How To Sight Cast For Redfish (Or Any Inshore Species!)
If you’re still struggling, here’s how to sight cast for redfish!!
Sight casting is so cool because you get to see the fish you want to catch and then do all you can to present the lure properly and trigger a strike.
But that can be a challenge especially when targeting finicky fall redfish.
Learn more about sight casting here!
How To Sight Cast For Redfish [VIDEO]
Get the Gold Digger 2.0 Paddletail
Direction & Speed Of The Fish
The first thing you have to observe is in what direction the fish is swimming and how fast.
Those are incredibly important details that many forget to take into account.
Don’t cast immediately at a fish when you see it.
You risk spooking the fish or missing its path completely by rushing your cast.
Additionally, if the fish is moving at a very slow pace, then you will want to cast out in front of the fish earlier so your presentation appears natural in the water.
If the fish is moving faster, you still want to lead the fish with your lure, however, I’ve noticed the faster-moving fish are more reactionary to their surroundings.
One or a small school of fish swimming quickly indicates they are aggressively hunting down bait.
Again, having an idea of the direction and speed of the fish will show you where you should cast and get you on more fish in less time.
Lures & Retrieves
The behavior of the fish around you determines what lure you will use as well as how fast you retrieve it.
As I mentioned above, the quicker-moving fish are in an aggressive hunt mode which means you don’t have to be overly concerned about spooking them with your presentation.
With that in mind, you should use a paddletail-style lure.
My personal favorite is our Gold Digger 2.0 paddletail.
This lure won’t create lots of splashing and commotion when it hits the water and it puts off vibration to trigger strikes.
These fish will respond to anything trying to flee from their path.
Moreover, the fish that move quickly are used to scattering schools of bait and crabs so if something catches their eye that they can eat, they’ll aggressively strike it.
On the other hand, when fish are more lethargic or slowly moving about, I’ll reach for a jerk shad presentation.
Our 5-inch Slam Shady Jerk Shad imitates anything from a wounded baitfish to a bouncing shrimp or even crab.
Jerk shads make even LESS sound when they hit the water when compared to paddletails and are best for the slower, more deliberate fish.
Simply cast this lure out and let it sink to the bottom.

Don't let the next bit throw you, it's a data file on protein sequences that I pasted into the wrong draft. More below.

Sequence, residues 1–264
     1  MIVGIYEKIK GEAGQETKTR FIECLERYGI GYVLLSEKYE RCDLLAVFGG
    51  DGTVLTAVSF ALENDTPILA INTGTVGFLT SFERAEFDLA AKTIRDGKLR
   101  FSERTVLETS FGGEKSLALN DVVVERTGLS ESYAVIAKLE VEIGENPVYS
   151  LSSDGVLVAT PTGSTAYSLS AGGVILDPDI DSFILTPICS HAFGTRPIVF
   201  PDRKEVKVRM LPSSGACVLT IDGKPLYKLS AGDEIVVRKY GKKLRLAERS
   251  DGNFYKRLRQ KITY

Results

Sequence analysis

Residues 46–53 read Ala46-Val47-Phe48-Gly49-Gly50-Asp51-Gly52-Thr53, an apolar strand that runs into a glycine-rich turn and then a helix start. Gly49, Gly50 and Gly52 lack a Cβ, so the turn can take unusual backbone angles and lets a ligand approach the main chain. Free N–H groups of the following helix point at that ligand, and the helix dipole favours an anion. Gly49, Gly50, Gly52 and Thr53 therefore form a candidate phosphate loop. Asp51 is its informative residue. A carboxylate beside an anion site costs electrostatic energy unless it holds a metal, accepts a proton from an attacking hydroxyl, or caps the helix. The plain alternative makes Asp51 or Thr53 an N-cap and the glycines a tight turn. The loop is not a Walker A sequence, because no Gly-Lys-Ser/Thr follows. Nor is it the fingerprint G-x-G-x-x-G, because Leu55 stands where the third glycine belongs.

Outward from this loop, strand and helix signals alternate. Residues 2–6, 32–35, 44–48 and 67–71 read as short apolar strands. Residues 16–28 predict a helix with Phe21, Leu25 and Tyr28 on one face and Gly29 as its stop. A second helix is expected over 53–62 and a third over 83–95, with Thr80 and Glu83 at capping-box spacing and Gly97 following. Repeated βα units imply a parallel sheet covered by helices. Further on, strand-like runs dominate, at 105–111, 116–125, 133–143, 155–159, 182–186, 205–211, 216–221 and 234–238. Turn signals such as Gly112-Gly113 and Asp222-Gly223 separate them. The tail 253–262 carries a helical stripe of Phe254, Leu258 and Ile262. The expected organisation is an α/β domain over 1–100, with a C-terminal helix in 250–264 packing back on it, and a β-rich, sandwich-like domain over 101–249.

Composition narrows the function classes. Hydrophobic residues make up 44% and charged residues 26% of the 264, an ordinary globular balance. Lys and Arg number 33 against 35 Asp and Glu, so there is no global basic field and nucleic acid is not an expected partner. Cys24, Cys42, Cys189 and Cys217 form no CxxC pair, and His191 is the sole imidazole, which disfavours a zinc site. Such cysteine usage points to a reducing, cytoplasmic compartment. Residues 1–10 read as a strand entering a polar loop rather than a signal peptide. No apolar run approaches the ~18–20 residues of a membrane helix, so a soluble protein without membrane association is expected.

As the fish approaches your lure and the two are about to intercept, give the lure a quick couple of taps but the direction is important.
Try and twitch the rod so that the lure jerks away from the fish’s mouth.
If your lure darts back at the fish’s head, nine times out of ten, that fish is going to get spooked and bolt.
In nature, that doesn’t happen and it will definitely scare off predators.
The biggest takeaway when it comes to retrieves is finesse over power.
A lot of times, all it takes is a small bump or twitch of the rod to trigger a strike.
The entire objective is for your presentation to appear like a fleeing shrimp or baitfish but it is still an easy meal.
If you get your timing right and intercept the fish in its ‘Dinner Plate’, then you will definitely find success!
Sight fishing opportunities are going to pop up more and more over the next few weeks!
Get the Gold Digger 2.0 Paddletail
What other questions do you have about how to sight cast for redfish?
Let me know in the comments section below this article!!
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Thanks Richard. You keep showing me that I am making mistakes ie to fast of a retrieve and to long of a twitch distance. SS 2.0, gold diggers and bombers , all juiced make up 95% of all my artificial on the IR and Mosquito lagoon. Thanks for your help
No problem Terry! Sometimes less is definitely more with sight casting
Yea everytime I think I see the telltale sign of a red moving in the water it always seems to late for me to throw anything at it because most of the time it’s gone before I get the chance I have caught a few reds that I saw before I cast to them but very few but I’ll keep my eyes open for more I know its a whole lot easier for guts and gals in central and South fl to sight fish because of the water being much clearer but I know here in northeast FL it can be done though thanks for the info and all you do👍😉
It’s definitely more of a reaction throw in the waters we fish Steven! I’ve missed much more just due to timing, by the time you see them many times it’s too late in our waters.